Stopped in Las Vegas on the way home, but stayed off the Strip, which was good. We had a hotel that was within walking distance, which was fine for us as we only went down to the Strip in the evening and walked through some of the big casinos and people watched. I doubt if we spent $10 gambling if you can actually call that gambling.
I had tentatively planned to golf at least once while in Vegas, and thought I could play the municipal course, the Las Vegas Golf Club. The last time we were in Vegas, probably 10 years ago, I had played it for around $19. It was an OK course but with heavy usage. I remember someone in the pro shop telling me it was the busiest course in North America with 110,000 rounds a year. I checked it out when we arrived in Vegas this time and for a non-resident the fees are now $79. I don’t think so. I should have gone to one of the commercial shooting ranges and shot something in full-auto mode.
We did go to a restaurant that we had seen mentioned on the Food Channel, the 4 Keggs. Not on the Strip and probably not a place you would stop at if you were just driving by. But great Italian food. Their regular stromboli was marvelous as was the Philly Cheese steak. Everyone really friendly and the staff member who waited on us had been there for 20 years. Even met the owner/manager. Highly recommended.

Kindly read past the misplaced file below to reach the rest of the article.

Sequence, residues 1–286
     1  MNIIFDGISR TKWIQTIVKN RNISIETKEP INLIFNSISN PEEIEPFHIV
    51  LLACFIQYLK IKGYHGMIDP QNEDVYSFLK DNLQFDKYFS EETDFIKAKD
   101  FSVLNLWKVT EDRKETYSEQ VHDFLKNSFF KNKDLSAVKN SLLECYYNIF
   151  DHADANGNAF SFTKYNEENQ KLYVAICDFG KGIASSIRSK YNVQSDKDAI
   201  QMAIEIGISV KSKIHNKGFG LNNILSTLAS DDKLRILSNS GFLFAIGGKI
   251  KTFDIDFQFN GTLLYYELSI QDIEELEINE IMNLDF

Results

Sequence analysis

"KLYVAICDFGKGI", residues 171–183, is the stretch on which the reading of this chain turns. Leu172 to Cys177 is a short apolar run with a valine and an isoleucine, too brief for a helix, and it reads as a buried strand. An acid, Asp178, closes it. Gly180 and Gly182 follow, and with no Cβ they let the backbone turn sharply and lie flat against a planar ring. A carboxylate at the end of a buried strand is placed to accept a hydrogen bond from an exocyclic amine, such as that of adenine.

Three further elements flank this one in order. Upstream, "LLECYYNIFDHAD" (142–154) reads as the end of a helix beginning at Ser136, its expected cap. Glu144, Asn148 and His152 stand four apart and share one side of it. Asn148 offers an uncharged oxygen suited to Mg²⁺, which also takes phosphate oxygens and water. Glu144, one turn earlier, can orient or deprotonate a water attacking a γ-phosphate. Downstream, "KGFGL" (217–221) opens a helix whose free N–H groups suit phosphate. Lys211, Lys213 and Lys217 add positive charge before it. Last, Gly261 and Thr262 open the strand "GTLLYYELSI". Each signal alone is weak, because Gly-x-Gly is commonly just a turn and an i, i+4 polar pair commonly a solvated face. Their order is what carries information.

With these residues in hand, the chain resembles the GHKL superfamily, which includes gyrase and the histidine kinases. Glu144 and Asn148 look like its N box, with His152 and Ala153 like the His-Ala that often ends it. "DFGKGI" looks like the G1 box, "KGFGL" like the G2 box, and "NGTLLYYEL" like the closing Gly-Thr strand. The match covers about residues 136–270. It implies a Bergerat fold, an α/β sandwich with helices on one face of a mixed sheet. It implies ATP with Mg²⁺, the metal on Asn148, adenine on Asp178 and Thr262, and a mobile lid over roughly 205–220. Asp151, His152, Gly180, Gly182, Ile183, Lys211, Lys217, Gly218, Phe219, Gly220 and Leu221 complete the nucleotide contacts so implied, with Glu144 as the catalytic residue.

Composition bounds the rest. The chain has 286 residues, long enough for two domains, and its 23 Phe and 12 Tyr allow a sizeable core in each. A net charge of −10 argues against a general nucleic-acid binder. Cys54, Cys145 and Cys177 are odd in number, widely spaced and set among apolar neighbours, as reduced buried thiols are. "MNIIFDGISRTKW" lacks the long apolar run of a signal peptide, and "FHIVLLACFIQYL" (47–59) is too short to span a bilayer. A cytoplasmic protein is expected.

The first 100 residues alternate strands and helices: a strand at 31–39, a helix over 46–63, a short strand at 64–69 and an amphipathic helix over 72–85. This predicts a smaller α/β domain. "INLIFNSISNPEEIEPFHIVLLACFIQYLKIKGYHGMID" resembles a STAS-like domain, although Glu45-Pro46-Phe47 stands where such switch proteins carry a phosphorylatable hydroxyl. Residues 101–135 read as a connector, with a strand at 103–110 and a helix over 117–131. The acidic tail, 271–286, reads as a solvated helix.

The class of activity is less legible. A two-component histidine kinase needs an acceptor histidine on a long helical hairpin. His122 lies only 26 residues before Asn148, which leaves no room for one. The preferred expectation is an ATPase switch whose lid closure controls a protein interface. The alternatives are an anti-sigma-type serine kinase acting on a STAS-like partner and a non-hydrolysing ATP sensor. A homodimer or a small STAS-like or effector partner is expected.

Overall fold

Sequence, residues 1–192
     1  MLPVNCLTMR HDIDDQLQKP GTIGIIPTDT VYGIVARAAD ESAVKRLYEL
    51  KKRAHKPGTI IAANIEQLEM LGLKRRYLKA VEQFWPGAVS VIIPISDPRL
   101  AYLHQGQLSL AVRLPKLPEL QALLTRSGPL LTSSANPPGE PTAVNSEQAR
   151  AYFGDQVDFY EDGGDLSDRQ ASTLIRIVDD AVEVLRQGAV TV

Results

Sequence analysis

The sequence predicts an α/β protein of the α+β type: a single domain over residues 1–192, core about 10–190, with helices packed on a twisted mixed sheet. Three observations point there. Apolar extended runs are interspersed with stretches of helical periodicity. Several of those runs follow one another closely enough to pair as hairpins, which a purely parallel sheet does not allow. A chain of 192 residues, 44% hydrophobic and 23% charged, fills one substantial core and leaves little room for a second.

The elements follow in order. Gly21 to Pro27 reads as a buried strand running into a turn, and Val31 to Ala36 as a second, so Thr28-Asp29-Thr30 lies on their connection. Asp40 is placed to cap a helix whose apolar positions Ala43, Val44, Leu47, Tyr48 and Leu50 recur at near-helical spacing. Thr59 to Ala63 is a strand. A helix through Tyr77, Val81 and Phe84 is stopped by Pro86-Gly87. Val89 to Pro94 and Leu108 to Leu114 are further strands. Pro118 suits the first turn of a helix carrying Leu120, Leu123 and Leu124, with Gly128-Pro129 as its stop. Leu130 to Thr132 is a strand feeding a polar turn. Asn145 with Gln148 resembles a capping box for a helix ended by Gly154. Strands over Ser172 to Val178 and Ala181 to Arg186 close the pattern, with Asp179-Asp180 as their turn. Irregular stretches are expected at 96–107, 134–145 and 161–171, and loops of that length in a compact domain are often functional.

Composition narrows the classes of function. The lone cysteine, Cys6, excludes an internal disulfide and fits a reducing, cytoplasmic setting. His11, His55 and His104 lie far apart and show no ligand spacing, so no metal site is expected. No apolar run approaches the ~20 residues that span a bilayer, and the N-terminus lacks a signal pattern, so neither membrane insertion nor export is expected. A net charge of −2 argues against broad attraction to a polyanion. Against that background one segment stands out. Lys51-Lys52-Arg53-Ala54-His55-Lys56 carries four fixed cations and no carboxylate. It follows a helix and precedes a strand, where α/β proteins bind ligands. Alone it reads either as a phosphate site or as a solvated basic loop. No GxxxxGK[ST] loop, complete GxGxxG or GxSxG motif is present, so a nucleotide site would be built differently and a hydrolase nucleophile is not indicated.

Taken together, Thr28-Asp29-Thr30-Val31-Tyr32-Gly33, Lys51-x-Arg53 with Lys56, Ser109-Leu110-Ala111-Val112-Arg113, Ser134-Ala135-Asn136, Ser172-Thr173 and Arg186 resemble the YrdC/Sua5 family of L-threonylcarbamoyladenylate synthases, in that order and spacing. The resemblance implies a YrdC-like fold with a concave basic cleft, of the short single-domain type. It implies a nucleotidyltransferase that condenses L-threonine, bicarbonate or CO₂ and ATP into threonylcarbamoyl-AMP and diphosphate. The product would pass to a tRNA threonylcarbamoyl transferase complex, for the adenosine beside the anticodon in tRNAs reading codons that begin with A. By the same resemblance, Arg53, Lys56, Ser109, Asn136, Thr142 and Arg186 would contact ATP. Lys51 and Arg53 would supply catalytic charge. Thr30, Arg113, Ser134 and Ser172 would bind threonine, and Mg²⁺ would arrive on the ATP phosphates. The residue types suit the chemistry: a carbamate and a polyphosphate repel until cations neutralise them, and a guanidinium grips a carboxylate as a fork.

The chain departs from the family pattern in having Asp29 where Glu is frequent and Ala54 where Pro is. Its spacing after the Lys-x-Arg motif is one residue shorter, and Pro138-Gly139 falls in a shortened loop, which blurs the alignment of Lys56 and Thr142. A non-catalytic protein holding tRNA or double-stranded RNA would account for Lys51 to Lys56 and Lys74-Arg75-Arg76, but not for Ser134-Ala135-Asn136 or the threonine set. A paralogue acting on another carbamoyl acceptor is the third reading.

We took a pass through Death Valley after leaving Las Vegas and thus came up through Nevada on the west side. Nevada is lonesome country and it makes you respect how tough and self-reliant those early settlers were, who prospected and built towns and tried to wrest a living out of the desert. You look at some of the small towns and deserted buildings along the way and you figure that things haven’t changed much.
We are now in the gentler terrain of Oregon which is fine, but it makes you wonder when you are driving along Highway 95 in Nevada at a legal 70 mph and cross the Oregon border and have to grind down to 55 mph. What decade are these people living in?